Finally, you will notice I do not suggest you take more courses. As someone from an academic background, this will more than likely be your first thought. RESIST THIS URGE. To many outsiders, you are going to be overly educated enough. And, personally, I would have used “I should go back to school” as a way to avoid taking the plunge. Focus at first on experience. This is what you will need and what they will be looking for. Also, once employed, education and training is often covered by your company, so you will still be ale to take classes later, but you can do it on their dime.
As I mentioned in a prior post, the best way to learn about potential positions is to look at current openings, so I suggest you comb through any that interest you and capture the specific skills you will need. For illustration purposes, here are a couple lines for an available position as an instructional designer on one of my former teams ( which I use because I will know from an employer’s perspective what I would be looking for):
“-Uses project management skills to lead project teams and outside vendors to deliver projects on time within cost
– Defines learning objectives based on customer requirements and sound ID expertise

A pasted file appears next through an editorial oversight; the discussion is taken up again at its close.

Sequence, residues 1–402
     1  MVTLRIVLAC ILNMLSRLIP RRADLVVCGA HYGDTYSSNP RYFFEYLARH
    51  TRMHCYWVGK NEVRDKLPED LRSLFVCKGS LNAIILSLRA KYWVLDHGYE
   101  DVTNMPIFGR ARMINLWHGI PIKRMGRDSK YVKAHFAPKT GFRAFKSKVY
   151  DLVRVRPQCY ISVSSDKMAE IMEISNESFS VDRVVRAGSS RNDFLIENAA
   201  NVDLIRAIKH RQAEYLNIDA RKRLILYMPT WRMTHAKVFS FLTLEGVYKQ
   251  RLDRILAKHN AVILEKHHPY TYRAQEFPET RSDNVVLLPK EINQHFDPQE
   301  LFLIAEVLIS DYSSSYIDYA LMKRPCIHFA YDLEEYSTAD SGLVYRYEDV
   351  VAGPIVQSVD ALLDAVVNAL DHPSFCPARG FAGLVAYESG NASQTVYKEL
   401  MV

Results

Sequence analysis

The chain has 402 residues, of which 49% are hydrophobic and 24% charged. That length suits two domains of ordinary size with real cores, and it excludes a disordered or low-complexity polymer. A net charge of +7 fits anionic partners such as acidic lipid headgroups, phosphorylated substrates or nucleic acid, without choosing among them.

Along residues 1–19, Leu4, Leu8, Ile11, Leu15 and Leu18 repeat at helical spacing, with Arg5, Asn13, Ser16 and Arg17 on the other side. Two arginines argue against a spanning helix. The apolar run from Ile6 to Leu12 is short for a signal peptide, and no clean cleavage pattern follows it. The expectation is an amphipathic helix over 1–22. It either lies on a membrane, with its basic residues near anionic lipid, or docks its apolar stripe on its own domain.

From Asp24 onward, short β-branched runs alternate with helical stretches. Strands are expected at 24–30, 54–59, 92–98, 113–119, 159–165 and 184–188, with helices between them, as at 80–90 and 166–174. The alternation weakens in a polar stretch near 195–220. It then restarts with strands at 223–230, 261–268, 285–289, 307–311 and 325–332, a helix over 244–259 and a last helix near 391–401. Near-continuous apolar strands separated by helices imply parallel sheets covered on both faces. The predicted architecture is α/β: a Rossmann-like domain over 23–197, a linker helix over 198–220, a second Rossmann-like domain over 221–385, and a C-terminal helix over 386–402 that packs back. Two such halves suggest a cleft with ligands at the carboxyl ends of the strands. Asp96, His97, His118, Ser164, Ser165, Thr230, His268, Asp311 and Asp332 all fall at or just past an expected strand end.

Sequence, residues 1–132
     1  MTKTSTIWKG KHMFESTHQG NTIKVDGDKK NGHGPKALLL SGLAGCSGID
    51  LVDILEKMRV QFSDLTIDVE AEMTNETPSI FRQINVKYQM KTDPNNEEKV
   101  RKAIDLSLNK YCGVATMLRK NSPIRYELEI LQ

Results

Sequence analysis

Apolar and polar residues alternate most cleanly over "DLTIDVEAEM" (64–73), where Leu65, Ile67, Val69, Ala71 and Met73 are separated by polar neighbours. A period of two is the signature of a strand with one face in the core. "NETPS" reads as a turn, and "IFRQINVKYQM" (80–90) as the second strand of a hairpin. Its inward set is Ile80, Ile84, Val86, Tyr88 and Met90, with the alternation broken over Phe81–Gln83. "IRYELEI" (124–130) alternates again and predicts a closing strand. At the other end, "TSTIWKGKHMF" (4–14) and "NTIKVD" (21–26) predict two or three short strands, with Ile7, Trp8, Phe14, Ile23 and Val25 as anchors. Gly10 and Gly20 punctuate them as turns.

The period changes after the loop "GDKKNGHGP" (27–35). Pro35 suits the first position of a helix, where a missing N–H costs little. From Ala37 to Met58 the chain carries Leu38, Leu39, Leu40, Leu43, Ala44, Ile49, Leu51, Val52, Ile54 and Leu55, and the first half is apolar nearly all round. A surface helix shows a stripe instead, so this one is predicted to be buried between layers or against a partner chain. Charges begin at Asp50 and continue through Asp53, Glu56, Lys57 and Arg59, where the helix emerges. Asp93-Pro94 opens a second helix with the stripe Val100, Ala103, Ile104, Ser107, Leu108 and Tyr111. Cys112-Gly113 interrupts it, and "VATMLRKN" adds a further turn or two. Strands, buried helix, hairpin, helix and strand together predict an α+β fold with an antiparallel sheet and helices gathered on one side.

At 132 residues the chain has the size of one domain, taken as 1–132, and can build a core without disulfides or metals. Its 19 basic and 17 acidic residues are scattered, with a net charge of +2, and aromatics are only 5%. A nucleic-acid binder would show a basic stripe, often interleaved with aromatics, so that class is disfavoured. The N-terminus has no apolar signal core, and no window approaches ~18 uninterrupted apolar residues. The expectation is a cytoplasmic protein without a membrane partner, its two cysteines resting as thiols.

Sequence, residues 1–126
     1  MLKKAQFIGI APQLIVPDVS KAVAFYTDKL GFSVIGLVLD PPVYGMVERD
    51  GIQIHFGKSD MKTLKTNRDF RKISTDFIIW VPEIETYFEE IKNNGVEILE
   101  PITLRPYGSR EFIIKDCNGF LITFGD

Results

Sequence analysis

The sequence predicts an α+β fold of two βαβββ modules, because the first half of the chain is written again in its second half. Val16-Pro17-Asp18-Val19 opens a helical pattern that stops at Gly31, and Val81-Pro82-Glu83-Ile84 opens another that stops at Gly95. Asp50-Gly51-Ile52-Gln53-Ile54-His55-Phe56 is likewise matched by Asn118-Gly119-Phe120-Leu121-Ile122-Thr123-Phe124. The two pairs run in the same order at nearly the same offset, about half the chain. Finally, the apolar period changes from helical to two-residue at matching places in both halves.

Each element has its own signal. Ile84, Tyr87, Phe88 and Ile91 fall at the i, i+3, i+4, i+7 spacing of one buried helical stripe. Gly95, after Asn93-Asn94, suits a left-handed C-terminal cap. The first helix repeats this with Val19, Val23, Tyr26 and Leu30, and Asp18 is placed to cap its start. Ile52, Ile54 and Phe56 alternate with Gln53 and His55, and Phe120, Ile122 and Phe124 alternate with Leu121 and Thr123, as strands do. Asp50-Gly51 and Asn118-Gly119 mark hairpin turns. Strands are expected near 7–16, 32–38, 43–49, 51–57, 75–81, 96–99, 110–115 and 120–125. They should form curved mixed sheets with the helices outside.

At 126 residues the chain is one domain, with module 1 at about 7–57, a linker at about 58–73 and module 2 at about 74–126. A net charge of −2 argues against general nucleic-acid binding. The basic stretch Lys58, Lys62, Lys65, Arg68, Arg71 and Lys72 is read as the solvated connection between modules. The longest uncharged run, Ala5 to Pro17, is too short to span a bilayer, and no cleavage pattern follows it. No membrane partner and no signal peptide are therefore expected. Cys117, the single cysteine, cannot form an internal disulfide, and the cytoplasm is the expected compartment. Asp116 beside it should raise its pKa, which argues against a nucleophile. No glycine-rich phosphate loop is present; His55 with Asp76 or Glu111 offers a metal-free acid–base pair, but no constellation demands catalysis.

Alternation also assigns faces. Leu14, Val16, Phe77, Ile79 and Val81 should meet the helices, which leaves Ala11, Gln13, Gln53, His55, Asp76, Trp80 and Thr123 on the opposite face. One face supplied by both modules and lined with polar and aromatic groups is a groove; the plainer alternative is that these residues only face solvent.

– Drives conversations to gain alignment and synthesizes thoughts to action”
Now that we know what we need to get our STAR, let’s talk about how we would get it:
- on-campus work: start looking around campus for places where the work you want to do exists. For our purposes, we need some project management experience, preferably in an educational environment. Start asking around campus to see if there are any projects going on around curriculum design, perhaps. More than likely this will not be paid, but it will be an investment in your future and you won’t be doing it forever. Your STAR would be under your current position as a professor since it is for the same employer and might be something like “leveraged project management skills to partner with ___ and successfully implement ___ project ___weeks early and $___ under budget.”
- contract work: While employers may be hesitant to take on a full time employee with experiences they don’t understand, contract companies tend to be a lot more flexible. You might also be able to do these jobs while you are teaching because they could be project-based. I have personally hired a couple people to help with course editing or other work who have full time jobs elsewhere. In many cases, however, you will be hired by a contracting company, not an employer. You can even join a contracting company as part of their team. All of these are things you can search for online (and if you want to know more about this, let me know and I can write a post about it). In our illustration, I would focus on getting experience in defining learning objectives, although your years of teaching are very helpful in this space, as well. And make sure the work you do leads to a STAR, so if it is only part of a project, you can still articulate the outcome, such as “utilized instructional design expertise to establish learning outcomes to create courses that were developed ___ faster and produced a ___% improvement in ___.”